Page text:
[CrossRef]

J.C. Knight, T.A. Birks, P.St.J. Russell, and D.M. Atkin, “All-silica single-mode optical fiber with photonic crystal cladding,” Opt. Lett. 21, 1547–1549 (1996).
[CrossRef] [PubMed]

Lu, C.

M. Yan, X. Yu, P. Shum, C. Lu, and Y. Zhu, “Honeycomb photonic bandgap fiber with a modified core design,” IEEE Photonics Technol. Lett. 16, 2051–2053 (2004).
[CrossRef]

Meade, R.D.

J. D. Joannopoulos, R.D. Meade, and J.N. Winn, Photonic Crystals: Molding the Flow of Light (Princeton University Press, Princeton, 1995).

Russell, P.

P. Russell, “Photonic crystal fibers,” Science 299, 358–362 (2003).
[CrossRef] [PubMed]

Russell, P.St.J.

J. Broeng, S.E. Barkou, A. Bjarklev, J.C. Knight, T.A. Birks, and P.St.J. Russell, “Highly increased photonic band gaps in silica/air structures,” Opt. Commun. 156, 240–244 (1998).
[CrossRef]

J.C. Knight, J. Broeng, T.A. Birks, and P.St.J. Russell, “Photonic band gap guidance in optical fibers,” Science 282, 1476–1478 (1998).
[CrossRef] [PubMed]

J.C. Knight, T.A. Birks, P.St.J. Russell, and D.M. Atkin, “All-silica single-mode optical fiber with photonic crystal cladding,” Opt. Lett. 21, 1547–1549 (1996).
[CrossRef] [PubMed]

Shum, P.

M. Yan, P. Shum, and J. Hu, “Design of air-guiding honeycomb photonic bandgap fiber,” Opt. Lett. 30, 465–467 (2005).
[CrossRef] [PubMed]

M. Yan, X. Yu, P. Shum, C. Lu, and Y. Zhu, “Honeycomb photonic bandgap fiber with a modified core design,” IEEE Photonics Technol. Lett. 16, 2051–2053 (2004).
[CrossRef]

Winn, J.N.

J. D. Joannopoulos, R.D. Meade, and J.N. Winn, Photonic Crystals: Molding the Flow of Light (Princeton University Press, Princeton, 1995).

Yan, M.

M. Yan, P. Shum, and J. Hu, “Design of air-guiding honeycomb photonic bandgap fiber,” Opt. Lett. 30, 465–467 (2005).
[CrossRef] [PubMed]

M. Yan, X. Yu, P. Shum, C. Lu, and Y. Zhu, “Honeycomb photonic bandgap fiber with a modified core design,” IEEE Photonics Technol. Lett. 16, 2051–2053 (2004).
[CrossRef]

Yang, C.

Yu, R.

M. Chen and R. Yu, “Analysis of photonic bandgaps in modified honeycomb structures,” IEEE Photonics Technol. Lett. 16, 819–821 (2004).
[CrossRef]

Yu, X.

M. Yan, X. Yu, P. Shum, C. Lu, and Y. Zhu, “Honeycomb photonic bandgap fiber with a modified core design,” IEEE Photonics Technol. Lett. 16, 2051–2053 (2004).
[CrossRef]

Zhang, L.

Zhu, Y.

M. Yan, X. Yu, P. Shum, C. Lu, and Y. Zhu, “Honeycomb photonic bandgap fiber with a modified core design,” IEEE Photonics Technol. Lett. 16, 2051–2053 (2004).
[CrossRef]

IEEE Photonics Technol. Lett. (2)

M. Chen and R. Yu, “Analysis of photonic bandgaps in modified honeycomb structures,” IEEE Photonics Technol. Lett. 16, 819–821 (2004).
[CrossRef]

M. Yan, X. Yu, P. Shum, C. Lu, and Y. Zhu, “Honeycomb photonic bandgap fiber with a modified core design,” IEEE Photonics Technol. Lett. 16, 2051–2053 (2004).
[CrossRef]

Nature (1)

J.C. Knight, “Photonic crystal fibres,” Nature 424, 847–851 (2003).
[CrossRef] [PubMed]

Opt. Commun. (1)

J. Broeng, S.E. Barkou, A. Bjarklev, J.C. Knight, T.A. Birks, and P.St.J. Russell, “Highly increased photonic band gaps in silica/air structures,” Opt. Commun. 156, 240–244 (1998).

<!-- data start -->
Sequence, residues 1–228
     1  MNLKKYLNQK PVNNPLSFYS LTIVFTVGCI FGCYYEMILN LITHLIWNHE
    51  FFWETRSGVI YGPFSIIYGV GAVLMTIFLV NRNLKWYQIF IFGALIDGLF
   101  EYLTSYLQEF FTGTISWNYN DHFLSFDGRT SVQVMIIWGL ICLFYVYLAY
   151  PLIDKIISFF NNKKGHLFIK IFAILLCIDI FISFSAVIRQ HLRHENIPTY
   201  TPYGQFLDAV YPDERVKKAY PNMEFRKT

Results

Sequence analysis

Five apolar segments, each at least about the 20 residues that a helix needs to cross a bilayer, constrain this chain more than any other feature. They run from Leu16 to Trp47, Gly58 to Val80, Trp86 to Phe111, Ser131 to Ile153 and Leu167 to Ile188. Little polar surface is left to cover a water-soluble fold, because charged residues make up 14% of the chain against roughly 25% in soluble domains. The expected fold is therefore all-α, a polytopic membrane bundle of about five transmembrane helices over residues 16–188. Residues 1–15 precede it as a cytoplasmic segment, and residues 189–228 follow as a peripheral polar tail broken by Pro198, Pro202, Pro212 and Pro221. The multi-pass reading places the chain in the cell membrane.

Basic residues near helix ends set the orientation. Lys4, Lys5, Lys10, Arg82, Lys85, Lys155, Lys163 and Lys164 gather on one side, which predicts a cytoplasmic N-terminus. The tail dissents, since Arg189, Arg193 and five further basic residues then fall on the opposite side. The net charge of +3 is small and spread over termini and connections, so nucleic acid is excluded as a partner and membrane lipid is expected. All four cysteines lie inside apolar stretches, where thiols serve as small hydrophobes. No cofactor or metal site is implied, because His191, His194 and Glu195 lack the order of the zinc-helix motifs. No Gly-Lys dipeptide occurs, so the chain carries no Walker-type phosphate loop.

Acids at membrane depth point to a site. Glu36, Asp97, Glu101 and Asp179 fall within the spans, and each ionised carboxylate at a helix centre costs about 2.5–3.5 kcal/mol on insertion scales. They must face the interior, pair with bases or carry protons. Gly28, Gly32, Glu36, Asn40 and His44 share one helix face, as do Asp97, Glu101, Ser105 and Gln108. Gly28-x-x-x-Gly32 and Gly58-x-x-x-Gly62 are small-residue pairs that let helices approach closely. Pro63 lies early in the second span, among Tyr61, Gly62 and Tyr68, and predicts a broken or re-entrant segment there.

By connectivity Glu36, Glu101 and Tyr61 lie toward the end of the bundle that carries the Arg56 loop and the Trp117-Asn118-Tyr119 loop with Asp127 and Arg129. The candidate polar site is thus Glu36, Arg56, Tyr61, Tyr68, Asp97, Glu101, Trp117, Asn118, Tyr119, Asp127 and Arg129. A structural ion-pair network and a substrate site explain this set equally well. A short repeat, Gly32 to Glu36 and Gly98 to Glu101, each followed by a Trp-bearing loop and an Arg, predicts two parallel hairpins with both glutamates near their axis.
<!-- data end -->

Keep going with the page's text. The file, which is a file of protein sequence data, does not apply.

[CrossRef]

Opt. Express (2)

Opt. Lett. (2)

Science (2)

J.C. Knight, J. Broeng, T.A. Birks, and P.St.J. Russell, “Photonic band gap guidance in optical fibers,” Science 282, 1476–1478 (1998).
[CrossRef] [PubMed]

P. Russell, “Photonic crystal fibers,” Science 299, 358–362 (2003).
[CrossRef] [PubMed]

Other (2)

A. Bjarklev, J. Broeng, and A.S. Bjarklev, Photonic Crystal Fibres (Kluwer Academic Publishers, Boston, 2003).
[CrossRef]

J. D. Joannopoulos, R.D. Meade, and J.N. Winn, Photonic Crystals: Molding the Flow of Light (Princeton University Press, Princeton, 1995).

Cited By

OSA participates in CrossRef's Cited-By Linking service. Citing articles from OSA journals and other participating publishers are listed here.

Alert me when this article is cited.


Figures (9)

Fig. 1.
Fig. 1.

Schematic of an HPBF unit cell. Red circles represent the air holes of the HPBF with IAHs shown as blue circles. The diameters of the air holes and IAHs are D and Dint, respectively. The two yellow regions denote nodes, and a vein is shown in magenta.

Fig. 2.
Fig. 2.

Bandgap diagram for an HPBF of AFF f = 30% . The first four bandgaps are shown as the blue regions. The red line is the air line, and the grey area is the region where no light propagation is allowed.

Fig. 3.
Fig. 3.

Comparison of the relative bandgap sizes between the HPBFs with and without IAHs. The AFF of the HPBF without IAHs is 30%, and the AFF of IAHs is 5%.

Fig. 4.
Fig. 4.

The relative sizes of the primary and secondary gaps for an HBGF of f = 30% as a function of the AFF of the IAHs.

Fig. 5.
Fig. 5.

The relative sizes of the primary and secondary gaps for an HBGF of f = 50% as a function of the AFF of the IAHs.

Fig. 6.
Fig. 6.

The relative size of the primary gap for HPBFs with and without IAHs for fixed total AFFs. The dotted lines show the case of HPBFs without IAHs, while the sold lines represent the case of HPBFs with IAHs.

Fig. 7.
Fig. 7.

The relative size of the secondary gap for HBGFs with and without IAHs for fixed total AFFs. The dotted lines show the case of HPBFs without IAHs, while the sold lines represent the case of HPBFs with IAHs.

Fig. 8.
Fig. 8.

The relative size of the primary gap for HBGFs with and without IAHs for fixed total AFFs. The dotted lines show the case of HPBFs without IAHs, while the sold lines represent the case of HPBFs with IAHs.

Fig. 9.
Fig. 9.

The relative size of the secondary gap for HBGFs with and without IAHs for fixed total AFFs. The dotted lines show the case of HPBFs without IAHs, while the sold lines represent the case of HPBFs with IAHs.

Metrics